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Lost King of the Maya

Carved stela at Copán.
Map of the Maya World

In its heyday from about A.D. 300 to 900, the Maya civilization boasted hundreds of cities across a vast swath of Central America. Now archeological sites, these once-flourishing cities extended from Chichén Itzá in the northern Yucatán to Copán, about 400 miles to the south in modern-day Honduras. Each bore ceremonial centers where theocratic rulers practiced a complex religion based on a host of gods, a unique calendar, and ceremonies that featured a ball game and human sacrifice. The ancient Maya also mastered astronomy, mathematics, art and architecture, and a glyph system of writing on stone, ceramics, and paper. Using the labels on or below the map below, visit 15 of the better-known Maya sites.

Bonampak | Sayil | Uxmal | Yaxchilán | Tikal | Seibal | Quiriguá | Copán. | Caracol | Altun Ha | Uaxactún | Toniná | Palenque | Tulum | Chichén Itzá

Chichen Itza
Chichén Itzá's Temple of the Warriors, with the Pyramid of El Castillo in the background.

Chichén Itzá
Chichén Itzá, "the mouth of the well of the Itzás," was likely the most important city in the Yucatán from the 10th to the 12th centuries A.D. Evidence indicates that the site was first settled as early as the fifth century A.D. but was apparently abandoned thereafter. Then, in 964, the Itzás, a Maya-speaking people from the Petén rain forest around Tikal, moved into the city. Archeologists have fully explored only about 20 or 30 of several hundred buildings on the four-square-mile site. El Castillo (The Castle), a 98-foot-tall pyramid, dominates the city, while the Temple of the Warriors features murals of battle scenes and village life.
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An ancient building at Tulum, on the coast of Quintana Roo, Mexico.
Tulum was the largest Maya coastal city and the only Maya city known to have been inhabited when the Spanish arrived. Its buildings exhibit classic Maya architecture. The Temple of the Frescoes, for instance, which retains faint traces of blue-green frescoes, has a vaulted roof and triangular architecture. Other structures of note include the Castillo, the largest and most renowned building, which stands at the edge of a 40-foot cliff; and the Temple of the Descending God, named for a carving over the doorway of a winged god plunging toward Earth.
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The ruins of Palenque rise above the surrounding Chiapas plain.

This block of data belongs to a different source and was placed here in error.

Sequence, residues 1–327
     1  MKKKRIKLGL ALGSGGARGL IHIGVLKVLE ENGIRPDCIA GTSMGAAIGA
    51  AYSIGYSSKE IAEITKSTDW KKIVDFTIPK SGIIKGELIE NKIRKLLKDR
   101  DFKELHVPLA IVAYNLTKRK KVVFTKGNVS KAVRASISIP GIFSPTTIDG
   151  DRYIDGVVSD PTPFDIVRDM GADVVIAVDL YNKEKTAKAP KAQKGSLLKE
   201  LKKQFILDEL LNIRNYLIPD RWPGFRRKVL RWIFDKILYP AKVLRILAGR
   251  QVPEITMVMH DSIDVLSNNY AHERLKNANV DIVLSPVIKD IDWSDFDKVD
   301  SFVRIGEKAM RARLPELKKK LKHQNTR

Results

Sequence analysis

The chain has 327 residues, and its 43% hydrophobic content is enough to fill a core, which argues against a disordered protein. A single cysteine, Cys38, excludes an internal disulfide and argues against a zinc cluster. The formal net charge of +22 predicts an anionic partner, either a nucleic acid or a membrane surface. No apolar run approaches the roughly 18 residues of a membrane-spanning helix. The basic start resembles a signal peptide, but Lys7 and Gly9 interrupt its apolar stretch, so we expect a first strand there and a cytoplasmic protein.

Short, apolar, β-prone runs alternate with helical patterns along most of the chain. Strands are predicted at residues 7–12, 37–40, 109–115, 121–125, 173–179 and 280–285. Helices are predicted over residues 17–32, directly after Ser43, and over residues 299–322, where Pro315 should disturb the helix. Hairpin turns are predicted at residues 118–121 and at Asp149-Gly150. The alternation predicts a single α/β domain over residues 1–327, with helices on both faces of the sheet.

Distinguished by its highly expressive relief sculpture, Palenque comprises temples, terraces, plazas, altars, burial grounds, and a ball court. It was discovered accidentally in 1740, when a Spanish priest named Antonio de Solis struck a buried wall with his spade while planting a field. In its heyday, the city encompassed an area of almost 50 square miles. The most important buildings date to the sixth to ninth centuries A.D., including the 75-foot-tall Temple of the Inscriptions. The temple was dedicated to the great ruler Pacal, who has been called the "Mesoamerican Charlemagne." His tomb, found by Mexican archeologists in 1952, lies at the bottom of a set of steps leading 80 feet down from the top of the temple.
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The great Pyramid of the Magician at Uxmal.
Contemporary with Palenque and Tikal, Uxmal is an architectural gem whose buildings reflect a renaissance of Maya building that took place in the seventh to nine centuries A.D. The architectural style epitomized here is known as Puuc, which means "low hill" in Maya. Puuc blends ornate stone mosaics and cornices with vaulted arches and rows of columns. The archeologist Victor von Hagen called one of Uxmal's buildings, the House of the Governor, the most magnificent edifice ever erected in the Americas. Covering five acres, the palace features a façade frieze consisting of no fewer than 20,000 individually cut stones.
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Continue: Bonampak

Map of the Maya World | Incidents of Travel
Tour Copán with David Stuart | Reading Maya Hieroglyphs
Resources | Transcript | Site Map | Lost King of the Maya Home

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